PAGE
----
Friday, August 24, 2007

Did She Go to Heaven?

"Such deep longing for God … repulsed, empty, no faith, no love, no zeal."

"Where is my faith? Even deep down … there is nothing but emptiness and darkness."

"What do I labor for? If there be no God, there can be no soul. If there be no soul then, Jesus, You also are not true."
These are excerpts from the letters of Mother Teresa. The woman the world upheld as an example of faith lived in a secret world of doubt. For many people, especially Catholics, there is no doubt that Mother Teresa is in heaven. But she herself had her doubts ... strong, lifelong doubts. What should we think of all this?

I want to begin by expressing my admiration for this woman. While most people spend their lives seeking to help only themselves, she sincerely wanted to help others. Not only did she desire to help other people, she chose to help and serve the poorest of the poor. Her life was an example of service.

The sad reality, however, is that her acts of service did not get her to heaven and could not grant her assurance of faith on earth. This is the greatest error in Catholicism and all other man made religions. Living a good life, helping other people, giving to the poor, etc. will not save you. They will not grant you access to heaven. They will not boost your confidence in God.
Only one way leads to God. Only one truth grants assurance of faith. Only one life can be good enough to get you to heaven. He is Jesus Christ. I have assurance of my salvation and my faith, not because I'm a super-Christian or a great person (I'm neither!), but because I'm trusting in Christ's actions and not my own.
"But Mother Teresa was a Christian, too!" you might think. "In fact, she's the cream of the crop when it comes to Christianity." No. She was trusting in her works as the basis of her salvation. She could not understand why her good works never gave her access to God.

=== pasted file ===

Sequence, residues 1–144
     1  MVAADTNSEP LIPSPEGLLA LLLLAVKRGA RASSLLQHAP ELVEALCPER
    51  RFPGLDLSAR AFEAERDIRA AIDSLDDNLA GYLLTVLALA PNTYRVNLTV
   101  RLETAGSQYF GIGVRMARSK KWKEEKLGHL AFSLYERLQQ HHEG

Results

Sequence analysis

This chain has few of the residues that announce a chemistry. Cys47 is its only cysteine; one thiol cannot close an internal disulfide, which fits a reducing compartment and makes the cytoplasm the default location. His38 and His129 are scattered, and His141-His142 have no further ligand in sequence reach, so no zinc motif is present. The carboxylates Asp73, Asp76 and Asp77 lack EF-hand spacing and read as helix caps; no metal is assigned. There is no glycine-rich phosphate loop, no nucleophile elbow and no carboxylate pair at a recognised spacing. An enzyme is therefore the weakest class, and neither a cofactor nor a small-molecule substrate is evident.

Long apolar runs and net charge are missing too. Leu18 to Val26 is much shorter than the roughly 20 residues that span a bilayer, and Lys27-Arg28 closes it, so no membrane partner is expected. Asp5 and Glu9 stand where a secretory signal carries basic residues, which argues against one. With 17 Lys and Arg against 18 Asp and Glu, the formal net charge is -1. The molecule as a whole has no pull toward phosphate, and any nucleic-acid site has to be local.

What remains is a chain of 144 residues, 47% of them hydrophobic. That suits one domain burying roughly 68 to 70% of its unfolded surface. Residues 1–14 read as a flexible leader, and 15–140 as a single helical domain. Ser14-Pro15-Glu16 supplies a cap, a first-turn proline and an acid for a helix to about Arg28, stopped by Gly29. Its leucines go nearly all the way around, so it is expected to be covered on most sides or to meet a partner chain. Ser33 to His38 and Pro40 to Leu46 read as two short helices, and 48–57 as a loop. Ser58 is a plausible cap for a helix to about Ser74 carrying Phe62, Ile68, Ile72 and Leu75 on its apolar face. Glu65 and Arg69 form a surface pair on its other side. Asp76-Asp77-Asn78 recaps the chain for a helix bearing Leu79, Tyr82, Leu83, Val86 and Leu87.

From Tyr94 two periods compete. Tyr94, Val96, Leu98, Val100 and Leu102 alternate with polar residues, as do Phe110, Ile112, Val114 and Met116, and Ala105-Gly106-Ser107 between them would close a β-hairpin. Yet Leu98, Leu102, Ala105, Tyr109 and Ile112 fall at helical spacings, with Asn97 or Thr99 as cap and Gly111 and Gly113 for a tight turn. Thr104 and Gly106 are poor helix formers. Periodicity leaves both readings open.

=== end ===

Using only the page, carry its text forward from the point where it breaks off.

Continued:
This is the difference between Catholicism (as well as other man made religions) and biblical Christianity. Mother Teresa labored to be in good standing with God. Christians know that Christ labored to put us in good standing with God. Mother Teresa trusted that her acts of kindness would take her to heaven. Christians know that Jesus' act of kindness on the Cross will take us to heaven.
Can you see the difference? If so, stop trusting in your goodness or your abilities and trust in the life, death, and resurrection of Christ, the only one good enough to get you to heaven.
"This is the work God requires of you, that you believe in Jesus."
John 6:29


Monica said...

Good blog. How do you have time to write a blog? You should be holding Thomas or something important like that. Just kidding!

Anonymous said...


Great blog, but what I'm wondering about is are you equating doubt with unbelief? I believe that times of doubt are allowed, but it is in these times we are to "make our calling and election sure.

Josh Culbertson said...

Monica, we're learning that holding Thomas 24/7 is a sure way for us to be up all night! So to fight the temptation to pick up that bundle of joy, I blog.

Anonymous, thanks so much for the question. I realize my blog sounds like I'm equating doubt with unbelief. I guess it comes across that way because Mother Teresa did doubt; She lived (and died) in doubt. That, I think, is different from seasons of doubting.